Sales_Leaders_Try_Something_Dangerous

 

 

 

Substitute “sales leader” for “entrepreneur” in the quote shown.  You’ve just described many sales leaders, especially in smaller companies.  They’re stuck in the status quo: on the razor’s edge of making or missing the number.  Same as last year.  And probably next year.  Feeling the fear that comes with indecisiveness.  Should they change things up?  Will reorganizing lead to a huge miss?  Fear of a mistake causes inaction.  So there you sit. 

 

What if you did something dangerous?  It depends how “dangerous” is defined.  I don’t mean making a decision based on gut feel alone.  That’s foolish. 

 

A “dangerous” decision is a decision based on an honest, objective evaluation.  Because then you might actually have to change instead of just talking about it. 

 

Download the SBI Annual Research Report and be dangerous.  Start by assessing your strategy, before you simply reorganize.  Learn how to think through strategy in a way that might mean real change.  Assess your market all the way down to the individual buyer level.  If you want an expert to walk through this with you, go here

 

There are three reasons you should do something “dangerous:” 

 

  • Impact on Job Security

The average tenure of a sales leader continues to hover around 18 months.  This is according to Forrester, CEB, LinkedIn, Accenture, and Selling Power magazine. However SBI found that leaders with the right sales strategy enjoy job security for 5+ years.

  • Impact on Compensation

The second reason you should care is the impact on compensation.  Sales teams with the right sales strategy exceed the plan by 20+% on average.  Whereas many sales teams with the wrong sales strategy miss the number.  This has implications on your compensation.  Recently, we saw a $150,000 difference in comp for 2 sales VPs.  The reason?  One had what we considered the right strategy, and beat his number.  The other missed.  His strategy was incorrect.  It was a collection of disjointed tactics masquerading as strategy. 

  • Impact on Equity

The third reason you should care is the impact on equity.  We found companies with the right strategy grew shareholder value 28% per year between 2012 and 2014.  Companies with the wrong sales strategy only grew shareholder value by 19%.  The difference in growth rates for a hypothetical sales leader with $1M in equity?  Over this time period it’s 45%, or $209K in equity value created.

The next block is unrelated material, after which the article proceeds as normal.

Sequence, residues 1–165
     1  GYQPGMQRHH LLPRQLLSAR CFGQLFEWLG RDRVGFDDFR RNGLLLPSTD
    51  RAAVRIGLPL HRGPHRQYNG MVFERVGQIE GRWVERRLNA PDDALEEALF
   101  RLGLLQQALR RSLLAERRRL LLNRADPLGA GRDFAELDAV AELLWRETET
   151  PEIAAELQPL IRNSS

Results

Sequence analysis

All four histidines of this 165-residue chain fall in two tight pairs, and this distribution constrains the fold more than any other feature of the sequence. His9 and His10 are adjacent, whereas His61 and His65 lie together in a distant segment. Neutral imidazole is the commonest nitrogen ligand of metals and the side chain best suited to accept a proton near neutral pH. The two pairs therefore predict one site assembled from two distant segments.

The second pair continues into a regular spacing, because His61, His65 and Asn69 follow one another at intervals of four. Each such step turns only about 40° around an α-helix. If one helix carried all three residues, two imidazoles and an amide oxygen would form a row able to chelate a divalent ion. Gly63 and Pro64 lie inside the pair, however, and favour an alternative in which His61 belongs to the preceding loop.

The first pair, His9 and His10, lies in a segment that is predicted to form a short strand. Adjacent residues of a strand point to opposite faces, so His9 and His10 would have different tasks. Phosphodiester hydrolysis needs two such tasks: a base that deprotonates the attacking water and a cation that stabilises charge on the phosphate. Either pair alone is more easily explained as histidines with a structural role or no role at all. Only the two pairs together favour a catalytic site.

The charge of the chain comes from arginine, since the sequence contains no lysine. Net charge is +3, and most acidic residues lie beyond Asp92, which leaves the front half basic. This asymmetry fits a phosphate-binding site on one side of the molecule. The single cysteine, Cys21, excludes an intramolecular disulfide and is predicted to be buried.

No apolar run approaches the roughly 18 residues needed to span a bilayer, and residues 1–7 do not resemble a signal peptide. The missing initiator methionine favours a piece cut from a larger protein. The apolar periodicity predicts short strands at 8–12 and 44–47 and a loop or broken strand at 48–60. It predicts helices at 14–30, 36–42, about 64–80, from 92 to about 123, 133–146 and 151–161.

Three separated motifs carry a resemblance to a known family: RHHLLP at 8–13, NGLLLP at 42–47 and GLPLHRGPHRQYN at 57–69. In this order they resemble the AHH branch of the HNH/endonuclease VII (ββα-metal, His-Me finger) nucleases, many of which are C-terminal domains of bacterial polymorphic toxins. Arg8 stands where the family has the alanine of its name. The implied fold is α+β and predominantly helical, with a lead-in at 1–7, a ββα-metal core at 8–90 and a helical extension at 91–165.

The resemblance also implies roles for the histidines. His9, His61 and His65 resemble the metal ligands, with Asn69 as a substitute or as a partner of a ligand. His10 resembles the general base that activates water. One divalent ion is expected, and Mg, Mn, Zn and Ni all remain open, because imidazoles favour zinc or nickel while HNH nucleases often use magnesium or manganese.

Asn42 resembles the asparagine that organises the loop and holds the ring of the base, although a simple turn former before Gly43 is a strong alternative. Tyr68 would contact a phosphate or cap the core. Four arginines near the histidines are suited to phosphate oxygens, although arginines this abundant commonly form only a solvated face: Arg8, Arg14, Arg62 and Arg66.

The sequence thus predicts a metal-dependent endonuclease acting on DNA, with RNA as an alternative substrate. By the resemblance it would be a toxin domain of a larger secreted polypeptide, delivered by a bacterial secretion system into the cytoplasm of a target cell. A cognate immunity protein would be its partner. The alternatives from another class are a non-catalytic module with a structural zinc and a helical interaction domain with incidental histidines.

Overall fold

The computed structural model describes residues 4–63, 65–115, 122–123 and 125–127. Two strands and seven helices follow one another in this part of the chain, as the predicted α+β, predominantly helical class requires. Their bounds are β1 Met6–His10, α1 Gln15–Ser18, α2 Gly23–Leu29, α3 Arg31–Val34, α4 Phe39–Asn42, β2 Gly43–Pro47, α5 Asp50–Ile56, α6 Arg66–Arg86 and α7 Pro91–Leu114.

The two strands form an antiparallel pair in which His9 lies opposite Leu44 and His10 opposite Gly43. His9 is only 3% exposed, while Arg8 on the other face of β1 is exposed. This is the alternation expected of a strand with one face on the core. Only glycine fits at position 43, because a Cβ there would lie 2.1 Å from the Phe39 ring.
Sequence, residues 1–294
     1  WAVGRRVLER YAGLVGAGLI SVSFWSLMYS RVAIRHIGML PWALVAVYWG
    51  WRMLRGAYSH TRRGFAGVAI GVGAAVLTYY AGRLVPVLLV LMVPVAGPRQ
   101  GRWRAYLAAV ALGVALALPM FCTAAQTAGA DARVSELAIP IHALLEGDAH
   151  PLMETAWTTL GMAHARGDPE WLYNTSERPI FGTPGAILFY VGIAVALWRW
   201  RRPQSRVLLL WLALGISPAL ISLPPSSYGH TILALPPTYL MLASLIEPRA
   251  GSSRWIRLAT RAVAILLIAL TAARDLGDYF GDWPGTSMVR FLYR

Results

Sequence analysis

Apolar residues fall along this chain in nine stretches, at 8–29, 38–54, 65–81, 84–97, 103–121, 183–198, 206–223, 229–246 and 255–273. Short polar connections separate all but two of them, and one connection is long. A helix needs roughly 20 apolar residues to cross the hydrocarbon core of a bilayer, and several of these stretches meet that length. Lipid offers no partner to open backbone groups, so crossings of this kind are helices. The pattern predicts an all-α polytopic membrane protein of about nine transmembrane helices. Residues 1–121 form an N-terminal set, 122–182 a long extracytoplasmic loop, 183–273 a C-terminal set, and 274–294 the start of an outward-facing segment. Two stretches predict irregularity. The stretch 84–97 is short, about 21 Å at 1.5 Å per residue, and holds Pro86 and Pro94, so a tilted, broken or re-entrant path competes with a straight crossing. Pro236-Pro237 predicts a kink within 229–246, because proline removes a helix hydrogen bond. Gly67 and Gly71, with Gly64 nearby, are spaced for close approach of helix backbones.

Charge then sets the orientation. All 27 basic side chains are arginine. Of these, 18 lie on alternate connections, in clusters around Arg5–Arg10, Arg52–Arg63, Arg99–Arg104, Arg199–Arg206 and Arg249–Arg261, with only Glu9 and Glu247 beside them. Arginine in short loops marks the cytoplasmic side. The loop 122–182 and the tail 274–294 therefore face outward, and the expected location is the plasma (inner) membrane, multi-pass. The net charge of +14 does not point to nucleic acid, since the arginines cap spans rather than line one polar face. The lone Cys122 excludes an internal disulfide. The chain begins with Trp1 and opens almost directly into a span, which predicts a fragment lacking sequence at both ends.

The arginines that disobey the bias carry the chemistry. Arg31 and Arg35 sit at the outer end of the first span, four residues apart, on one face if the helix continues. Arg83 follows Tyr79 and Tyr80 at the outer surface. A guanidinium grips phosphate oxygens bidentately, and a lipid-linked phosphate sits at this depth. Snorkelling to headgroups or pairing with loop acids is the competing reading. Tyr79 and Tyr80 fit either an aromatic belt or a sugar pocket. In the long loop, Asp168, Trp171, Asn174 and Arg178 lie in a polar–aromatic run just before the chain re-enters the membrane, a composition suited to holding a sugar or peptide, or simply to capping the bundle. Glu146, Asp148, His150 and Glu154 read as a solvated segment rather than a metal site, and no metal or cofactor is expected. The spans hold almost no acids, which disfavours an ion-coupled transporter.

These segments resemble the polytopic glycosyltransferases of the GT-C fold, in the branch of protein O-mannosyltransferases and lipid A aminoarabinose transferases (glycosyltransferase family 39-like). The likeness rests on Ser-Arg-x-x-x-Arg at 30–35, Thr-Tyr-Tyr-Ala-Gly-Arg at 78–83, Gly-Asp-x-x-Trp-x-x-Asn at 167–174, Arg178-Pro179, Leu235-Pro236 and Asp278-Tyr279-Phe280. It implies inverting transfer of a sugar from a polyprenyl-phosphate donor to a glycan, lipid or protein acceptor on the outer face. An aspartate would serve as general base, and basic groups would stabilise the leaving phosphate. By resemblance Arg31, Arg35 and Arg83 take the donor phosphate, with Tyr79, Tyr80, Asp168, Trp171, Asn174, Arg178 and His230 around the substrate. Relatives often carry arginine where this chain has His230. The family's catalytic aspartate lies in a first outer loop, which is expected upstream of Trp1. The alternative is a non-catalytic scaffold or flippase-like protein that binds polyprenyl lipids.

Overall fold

The Linkage Between Market Strategy and Reorganization

Remember when I said acting on gut feel alone was foolish?  Unfortunately, that’s how most sales leaders reorganize their teams.  They don’t start with strategy.  They want to “shake things up,” or “improve efficiency.”  So they grab recent quota attainment reports and circle the lower 25% of the team.  Then they rationalize that the remaining reps can sell more product lines.  And it’s off to the races.  The organization winds up leaner, but the remaining reps’ individual numbers don’t go up.  What happened? 

 

Market Strategy is using segmentation to understand your market, accounts, and buyers.  Download the Annual Research Report to learn more.  To be “dangerous,” (i.e., gain real insight that might drive reorganization), you must differentiate.  Your sales strategy must be different from your competition.  You must know which accounts to prioritize. You must be able to align your sales strategy with buyer needs.  Once you’ve aligned your strategy with the marketplace, you are able to determine reorganization.  Doing things in the right order can make all the difference.

 

*Image courtesy of Hubspot

ABOUT THE AUTHOR

Mark Synek

Leads SBI client engagements, primarily in the Enterprise space, and is typically engaged at the senior sales and CXO levels.
Learn more about Mark Synek >

Few people in the sales and marketing world besides Mark can claim they are former opera singers. And now SBI clients everywhere are singing his praises. Perhaps that’s because Mark has taken his extremely diverse background, which includes post-graduate work at The Juilliard School and living abroad for several years, and distilled it down to an enormous passion for helping sales and marketing leaders make their number.

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